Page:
Barnes also succeeded in his push for new and expanded forms of bilateral cooperation in agriculture, long a major element in the U. S. relations with India. He was less successful in his effort to promote the sale of U.S. weapons to New Delhi. Despite some promising signs from the Indian side, he and other proponents of an arms-sales relationship did not succeed in overcoming suspicions in both governments about the wisdom of such a program.

Mrs. Gandhi was assassinated in October 1984. By that time I had left Washington to become ambassador to Bangladesh. So I could only observe from a distance Barnes’s efforts to develop U.S. relations with the successor government led – as he and everyone else expected it would be – by her son Rajiv. These efforts included his bringing to fruition the lengthy effort to conclude a memorandum of understanding on the daunting issue of the transfer of sensitive technology from the United States to India. It culminated with his leading role in promoting and helping organize the useful visit of the new young prime minister to the United States in 1985.

Barnes completed his assignment soon afterwards and went on to become ambassador to Pinochet’s Chile. He had scored no “breakthrough” in U.S.-India relations, but in the circumstances of the early 1980s no such dramatic progress was conceivable. But he left bilateral ties on a far sounder footing and with much more substance than he had found them four years earlier.

Although much of this progress reflected India’s changing priorities and the greater willingness of the United States to accept these, Barnes deserves a good share of the credit. His assignment demonstrated how a determined and imaginative career diplomat can develop fresh approaches and work effectively with his own administration and the host government to move relations in the right direction despite formidable obstacles in both countries.

Howard B. Schaffer

August 21, 2012


  1. William Bissell says:

    Dear Amb. Schaffer,

    You have done a great service by acknowledging the contribution of Harry Barnes.

    Thank you,


  2. Donald Camp says:

    Thanks for the great memorial to a fine man. It is also worth noting that he continued, late into retirement, to work for reconciliation between India and Pakistan. Among other efforts, he worked with Indian and Pakistani academicians to find a way to use science and scientific research to ease tensions on the Siachen Glacier. He was indefatigable and this was perhaps his last goal.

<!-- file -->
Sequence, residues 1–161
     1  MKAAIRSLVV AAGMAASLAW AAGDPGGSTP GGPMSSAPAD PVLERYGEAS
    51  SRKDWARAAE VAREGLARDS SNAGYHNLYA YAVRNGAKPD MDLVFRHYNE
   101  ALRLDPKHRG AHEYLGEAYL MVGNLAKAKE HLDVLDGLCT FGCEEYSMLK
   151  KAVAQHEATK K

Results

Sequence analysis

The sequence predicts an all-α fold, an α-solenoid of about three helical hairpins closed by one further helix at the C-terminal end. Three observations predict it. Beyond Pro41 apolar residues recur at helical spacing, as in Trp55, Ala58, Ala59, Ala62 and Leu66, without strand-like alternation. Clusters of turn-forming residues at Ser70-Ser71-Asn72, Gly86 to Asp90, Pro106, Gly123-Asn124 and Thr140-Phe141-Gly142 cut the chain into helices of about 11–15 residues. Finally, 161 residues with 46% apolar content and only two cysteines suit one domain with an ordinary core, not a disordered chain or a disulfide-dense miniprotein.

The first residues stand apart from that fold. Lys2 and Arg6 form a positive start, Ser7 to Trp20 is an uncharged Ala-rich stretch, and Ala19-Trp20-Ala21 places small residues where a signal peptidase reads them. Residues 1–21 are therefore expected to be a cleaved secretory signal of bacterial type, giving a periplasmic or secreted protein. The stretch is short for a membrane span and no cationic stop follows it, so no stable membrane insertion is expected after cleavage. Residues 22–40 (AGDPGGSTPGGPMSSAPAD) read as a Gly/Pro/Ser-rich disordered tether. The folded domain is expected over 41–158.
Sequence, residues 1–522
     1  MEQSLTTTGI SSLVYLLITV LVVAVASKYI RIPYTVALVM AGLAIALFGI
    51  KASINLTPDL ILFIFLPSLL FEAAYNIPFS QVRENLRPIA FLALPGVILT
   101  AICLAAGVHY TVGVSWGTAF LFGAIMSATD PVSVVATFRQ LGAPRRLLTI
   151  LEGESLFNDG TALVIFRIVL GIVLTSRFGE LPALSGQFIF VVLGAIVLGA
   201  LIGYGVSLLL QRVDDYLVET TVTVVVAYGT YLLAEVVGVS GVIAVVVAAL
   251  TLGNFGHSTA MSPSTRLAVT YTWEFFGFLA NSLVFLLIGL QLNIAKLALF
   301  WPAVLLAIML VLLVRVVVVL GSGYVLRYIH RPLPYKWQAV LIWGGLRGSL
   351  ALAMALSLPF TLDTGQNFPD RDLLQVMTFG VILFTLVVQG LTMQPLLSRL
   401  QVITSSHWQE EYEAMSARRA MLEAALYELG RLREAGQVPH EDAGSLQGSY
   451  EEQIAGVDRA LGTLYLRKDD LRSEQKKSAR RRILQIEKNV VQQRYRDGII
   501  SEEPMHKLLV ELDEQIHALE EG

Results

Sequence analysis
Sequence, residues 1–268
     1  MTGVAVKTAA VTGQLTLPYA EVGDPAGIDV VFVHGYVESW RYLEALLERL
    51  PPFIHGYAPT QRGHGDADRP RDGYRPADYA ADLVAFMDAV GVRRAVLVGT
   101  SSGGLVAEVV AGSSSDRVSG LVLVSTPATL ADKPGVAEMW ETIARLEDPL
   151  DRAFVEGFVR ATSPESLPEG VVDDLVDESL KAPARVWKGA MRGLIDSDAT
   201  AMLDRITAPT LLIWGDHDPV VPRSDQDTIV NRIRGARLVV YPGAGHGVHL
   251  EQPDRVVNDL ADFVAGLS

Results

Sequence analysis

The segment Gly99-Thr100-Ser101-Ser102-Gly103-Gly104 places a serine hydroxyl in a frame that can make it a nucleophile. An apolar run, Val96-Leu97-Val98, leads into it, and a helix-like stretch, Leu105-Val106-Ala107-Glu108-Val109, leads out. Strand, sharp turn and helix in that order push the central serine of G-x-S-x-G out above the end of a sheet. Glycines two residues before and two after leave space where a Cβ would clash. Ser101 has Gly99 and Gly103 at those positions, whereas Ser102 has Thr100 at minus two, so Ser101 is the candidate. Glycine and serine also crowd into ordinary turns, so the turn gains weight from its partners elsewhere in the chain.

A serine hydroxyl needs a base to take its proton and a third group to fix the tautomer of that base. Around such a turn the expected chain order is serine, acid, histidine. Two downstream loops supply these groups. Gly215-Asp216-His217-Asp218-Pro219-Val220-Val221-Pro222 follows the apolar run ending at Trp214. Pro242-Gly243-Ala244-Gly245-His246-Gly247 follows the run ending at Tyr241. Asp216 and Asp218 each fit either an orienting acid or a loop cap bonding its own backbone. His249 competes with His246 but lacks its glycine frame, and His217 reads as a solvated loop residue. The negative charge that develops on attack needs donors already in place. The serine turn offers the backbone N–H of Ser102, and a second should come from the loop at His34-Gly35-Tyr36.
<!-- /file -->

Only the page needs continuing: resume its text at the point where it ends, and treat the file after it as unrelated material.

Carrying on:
3. Ron Spiers says:

    Nice essay. Appreciated by his neighbor in Pakistan and Vermont.

  4. Thomas R Carter says:

    It was my privilege to know Ambassador Barnes during the time that I represented the Cooperative League of the USA in India. One anecdote possibly sums up what a wonderful man he was. On a Saturday morning he called me to talk about a subject I’ve long since forgotten. We spoke for an extended time. After the call concluded, my wife said, “Do you realize that you’ve been calling the American Ambassador ‘Harry’ for the last half hour?”

    The Cooperative League had a major program and relationship with India’s National Dairy Development Board. The Dairy Board was an extraordinary organization with deep commitment to its mission and integrity in all it did. It was led by Dr. V. Kurien. Head of the Delhi Office, and now the Dairy Board Chair, was Dr. Amrita Patel. At one stage there was a very difficult set of issues that jeopardized the USAID-Cooperative League-NDDB relationship. Ambassador Barnes went to considerable lengths to establish a personal relationship with Dr. Kurien and Dr. Patel, an effort that contributed to creating a climate where the problems could be solved.

    During the span of years that I lived and worked in India, I had the opportunity to know several of our Ambassadors and to see almost all of them in action. There were some remarkable individuals among them — Chester Bowles, John Kenneth Galbraith, Daniel Patrick Moynihan, Richard Celeste were truly outstanding. But, in my view, Harry Barnes was the finest of all.

    Tom Carter

  5. NELSON says:

    I knew to Ambassador Barnes in Chile. His contribution was very important to return the democracy in Chile Mr. Barnes was awarded Chile’s highest honor in recognition of his contribution to the restoration of democracy. He was great person, human, friendly. etc. etc. We extend our condolences to his family. Señor EMBAJADOR HARRY BARNES descance paz, no lo olvidaremos.
    Nelson – Chile

    His contribution to retune the democracy Mr. Barnes was awarded Chile’s highest honor in recognition of his contribution to the restoration of democracy. We extend our condolences to his family